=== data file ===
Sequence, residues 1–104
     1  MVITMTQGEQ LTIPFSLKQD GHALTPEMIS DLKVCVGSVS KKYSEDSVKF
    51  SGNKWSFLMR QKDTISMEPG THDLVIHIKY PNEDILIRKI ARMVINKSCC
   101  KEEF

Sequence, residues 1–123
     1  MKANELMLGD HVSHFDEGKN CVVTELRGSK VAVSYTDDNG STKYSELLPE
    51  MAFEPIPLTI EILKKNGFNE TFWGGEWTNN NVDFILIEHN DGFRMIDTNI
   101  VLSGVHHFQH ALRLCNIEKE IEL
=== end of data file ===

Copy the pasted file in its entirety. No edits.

Sequence, residues 1–104
     1  MVITMTQGEQ LTIPFSLKQD GHALTPEMIS DLKVCVGSVS KKYSEDSVKF
    51  SGNKWSFLMR QKDTISMEPG THDLVIHIKY PNEDILIRKI ARMVINKSCC
   101  KEEF

Sequence, residues 1–123
     1  MKANELMLGD HVSHFDEGKN CVVTELRGSK VAVSYTDDNG STKYSELLPE
    51  MAFEPIPLTI EILKKNGFNE TFWGGEWTNN NVDFILIEHN DGFRMIDTNI
   101  VLSGVHHFQH ALRLCNIEKE IEL